Blink-182 members Mark Hoppus and Travis Barker yesterday slammed the guitarist in a candid, tell-all interview with Rolling Stone, calling him “disrespectful and ungrateful”.
DeLonge has now posted a lengthy, detailed and emotional missive to Facebook this morning (AEDT), the first time he has spoken at length about the current crisis in the Blink-182 camp.
After re-affirming his love for Blink-182, DeLonge tells of his own frustrations at trying to “move this band down 50 different paths” in order to continue to grow and develop the Blink legacy.
“I tried to put forth ideas about how we can grow and challenge ourselves to become a better band,” he says. “I’m not sitting around waiting for someone else to do the work. I’m not wired that way.”
He then details what he calls “the big reset”, the period in 2012 leading up to the release of the band’s Dogs Eating Dogs EP. The EP followed on from the band’s comeback album Neighborhoods, which was recorded in a piecemeal fashion with members often recording parts separately, at different times and in different studios.
I tried to put together a band summit in Utah where we’d talk and work things out. It quickly was narrowed down to three hours in someone’s dressing room in a shitty casino. What I hoped would be a positive get-together away from everything turned into an awkward meeting in a smelly convention hall dressing room. But it was there that I told Mark and Travis that as long as we talked, and things were good between us as real friends, that I would be engaged and work passionately. I’d mirror our personal relationship. Exact words.
Then, the EP was the test. Months later, we’re recording those songs. I was in the studio for two months and they came in for around 11 days. I didn’t mind leading the charge, but we had all agreed to give it 100%. And this time- no baggage.
Despite that, we still somehow managed to self-sabotage.
The guitarist says “squabbling and politics” led him to pull the EP from sale for a time, when demand was high. “That moment ultimately broke my spirit,” he said. “I then realized that this band couldn’t lose the years of ill will. It was after that episode that I promised myself I would never be in that position again – to rely on the words we said to each other.”
This seems to be the crux point leading to the situation the band now finds itself in. After pouring time, money and effort into large scale plans for his other project, Angels & Airwaves, DeLonge says those commitments meant contractual demands from Blink-182, including the need to record a Blink-182 album in no longer than six months, could not be agreed upon.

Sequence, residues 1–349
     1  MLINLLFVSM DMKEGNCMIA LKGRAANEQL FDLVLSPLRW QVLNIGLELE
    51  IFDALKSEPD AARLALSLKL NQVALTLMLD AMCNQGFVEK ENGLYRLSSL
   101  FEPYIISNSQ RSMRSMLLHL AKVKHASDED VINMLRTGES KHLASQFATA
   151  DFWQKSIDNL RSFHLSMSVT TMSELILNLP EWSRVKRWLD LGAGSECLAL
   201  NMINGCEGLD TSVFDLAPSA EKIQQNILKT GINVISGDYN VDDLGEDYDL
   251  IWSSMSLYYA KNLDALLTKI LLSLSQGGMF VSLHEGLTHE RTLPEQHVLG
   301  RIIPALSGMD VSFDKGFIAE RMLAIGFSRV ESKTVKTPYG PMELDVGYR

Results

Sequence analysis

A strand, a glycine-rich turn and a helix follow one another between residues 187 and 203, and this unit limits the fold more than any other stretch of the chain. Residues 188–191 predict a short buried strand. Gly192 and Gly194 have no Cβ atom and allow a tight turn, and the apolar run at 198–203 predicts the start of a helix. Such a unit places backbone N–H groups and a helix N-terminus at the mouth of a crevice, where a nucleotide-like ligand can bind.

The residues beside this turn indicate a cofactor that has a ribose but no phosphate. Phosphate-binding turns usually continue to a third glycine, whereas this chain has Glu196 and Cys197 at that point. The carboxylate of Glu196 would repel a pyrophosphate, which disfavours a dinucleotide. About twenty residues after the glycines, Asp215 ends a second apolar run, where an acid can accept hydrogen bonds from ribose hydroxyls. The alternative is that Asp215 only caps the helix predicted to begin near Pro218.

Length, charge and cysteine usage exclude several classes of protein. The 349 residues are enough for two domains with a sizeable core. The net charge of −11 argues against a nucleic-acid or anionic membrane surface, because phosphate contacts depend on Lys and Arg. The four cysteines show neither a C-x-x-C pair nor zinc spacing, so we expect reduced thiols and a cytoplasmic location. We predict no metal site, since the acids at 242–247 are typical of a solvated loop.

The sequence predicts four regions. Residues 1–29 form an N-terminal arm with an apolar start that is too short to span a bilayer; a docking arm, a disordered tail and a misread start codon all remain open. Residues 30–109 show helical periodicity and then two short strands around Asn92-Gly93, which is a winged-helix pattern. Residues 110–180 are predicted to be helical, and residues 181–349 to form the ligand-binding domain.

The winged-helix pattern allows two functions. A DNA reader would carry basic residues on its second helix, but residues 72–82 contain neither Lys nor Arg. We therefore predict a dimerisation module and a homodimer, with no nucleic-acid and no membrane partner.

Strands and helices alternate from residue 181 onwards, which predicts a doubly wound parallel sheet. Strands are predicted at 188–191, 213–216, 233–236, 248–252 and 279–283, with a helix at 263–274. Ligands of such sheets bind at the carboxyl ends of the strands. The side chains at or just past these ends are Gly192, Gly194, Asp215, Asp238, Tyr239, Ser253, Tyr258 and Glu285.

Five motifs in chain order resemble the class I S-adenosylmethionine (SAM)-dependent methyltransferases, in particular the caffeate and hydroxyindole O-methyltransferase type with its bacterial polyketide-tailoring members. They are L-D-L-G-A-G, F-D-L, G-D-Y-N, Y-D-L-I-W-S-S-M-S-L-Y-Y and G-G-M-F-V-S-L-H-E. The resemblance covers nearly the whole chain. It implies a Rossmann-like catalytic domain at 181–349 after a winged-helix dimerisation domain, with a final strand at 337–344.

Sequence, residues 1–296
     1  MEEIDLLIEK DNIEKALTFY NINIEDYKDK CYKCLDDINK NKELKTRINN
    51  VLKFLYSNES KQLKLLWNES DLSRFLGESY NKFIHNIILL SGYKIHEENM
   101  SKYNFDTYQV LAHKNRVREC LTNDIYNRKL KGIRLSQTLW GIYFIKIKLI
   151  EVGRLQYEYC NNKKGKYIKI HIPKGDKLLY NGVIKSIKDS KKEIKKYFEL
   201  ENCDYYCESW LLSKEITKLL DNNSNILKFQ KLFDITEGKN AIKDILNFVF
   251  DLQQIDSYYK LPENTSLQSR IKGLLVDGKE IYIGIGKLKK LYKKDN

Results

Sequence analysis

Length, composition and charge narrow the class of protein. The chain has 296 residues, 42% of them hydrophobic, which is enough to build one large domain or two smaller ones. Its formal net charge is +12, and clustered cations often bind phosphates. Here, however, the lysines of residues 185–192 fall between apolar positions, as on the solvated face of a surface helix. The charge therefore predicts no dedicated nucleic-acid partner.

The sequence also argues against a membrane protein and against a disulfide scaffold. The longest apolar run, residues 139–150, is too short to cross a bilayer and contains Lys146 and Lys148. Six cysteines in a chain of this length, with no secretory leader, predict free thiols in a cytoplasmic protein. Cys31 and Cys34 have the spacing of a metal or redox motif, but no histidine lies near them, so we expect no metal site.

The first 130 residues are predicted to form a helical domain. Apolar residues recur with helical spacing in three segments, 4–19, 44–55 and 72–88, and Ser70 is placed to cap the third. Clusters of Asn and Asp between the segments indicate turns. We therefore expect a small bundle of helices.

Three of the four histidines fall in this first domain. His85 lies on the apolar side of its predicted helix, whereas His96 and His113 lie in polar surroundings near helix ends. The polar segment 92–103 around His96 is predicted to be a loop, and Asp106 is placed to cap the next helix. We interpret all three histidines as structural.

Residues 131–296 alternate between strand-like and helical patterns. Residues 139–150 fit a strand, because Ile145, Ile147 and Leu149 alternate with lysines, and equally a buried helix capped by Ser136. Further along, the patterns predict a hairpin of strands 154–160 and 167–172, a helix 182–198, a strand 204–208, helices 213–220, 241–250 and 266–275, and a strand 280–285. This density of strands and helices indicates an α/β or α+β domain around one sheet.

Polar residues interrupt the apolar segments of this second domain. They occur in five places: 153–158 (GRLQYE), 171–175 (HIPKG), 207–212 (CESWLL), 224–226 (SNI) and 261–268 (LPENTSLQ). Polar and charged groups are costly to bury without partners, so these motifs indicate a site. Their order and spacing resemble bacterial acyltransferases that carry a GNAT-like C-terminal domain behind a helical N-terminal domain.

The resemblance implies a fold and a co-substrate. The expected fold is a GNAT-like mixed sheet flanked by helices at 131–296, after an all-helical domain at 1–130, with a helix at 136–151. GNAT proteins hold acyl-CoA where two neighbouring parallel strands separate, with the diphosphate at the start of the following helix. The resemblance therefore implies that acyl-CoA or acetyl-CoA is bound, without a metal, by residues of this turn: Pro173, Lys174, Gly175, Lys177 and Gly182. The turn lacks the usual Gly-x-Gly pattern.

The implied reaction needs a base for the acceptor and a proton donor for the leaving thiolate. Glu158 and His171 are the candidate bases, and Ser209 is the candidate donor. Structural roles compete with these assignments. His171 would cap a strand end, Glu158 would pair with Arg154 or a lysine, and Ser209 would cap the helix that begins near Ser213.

“You can imagine my frustration when I was handed a 60-page Blink contract saying I couldn’t release an Angels album for 9 months and that the Blink album had to be recorded in 6 months, which was impossible for me. Doing so would force me to breach several [Angels & Airwaves] artist contracts.”
He continues: “I can’t just slam the brakes and drop years of development, partnerships and commitments at the snap of a finger. I told my manager that I will do Blink 182 as long as it was fun and worked with the other commitments in my life, including my family.”
This, says DeLonge, was what caused the biggest Blink-182 argument yet. “From their view I was controlling everything. In reality, I was scared to put myself out there again. To repeat the EP experience.”
After yesterday’s Hoppus and Barker-sanctioned press release, DeLonge posted to social media that he had “never quit the band” and was unaware of their intentions. The new statement reaffirms that he was blindsided by the act, and that “at the end of the day, all of this makes me really sad”.
His final words are perhaps the most damning, and convey a sense of finality.
“I know [Hoppus and Barker] very well, and their current actions are defensive and divisive. I suppose they’re doing this as a way to protect themselves from being hurt. Like we all do.
“And even as I watch them act so different to what I know of them to be, I still care deeply for them. Like brothers, and like old friends. But our relationship got poisoned yesterday. Never planned on quitting, just find it hard as hell to commit.”
Last night, DeLonge tweeted, then deleted, that he and Hoppus had discussed splitting with Barker a year ago, a situation which Hoppus has today addressed in an interview with Alternative Press. Hoppus says that the move was briefly considered after tensions arose during the band’s last Australian tour, fuelled by a Twitter spat between Soundwave promoter AJ Maddah and Barker.
Blink-182 previously took an extended hiatus between 2005 and the recording of their last album, Neighborhoods. You can read DeLonge’s full statement below.
Gallery: Blink-182 – Sidney Myer Music Bowl, Melbourne 26/02/2013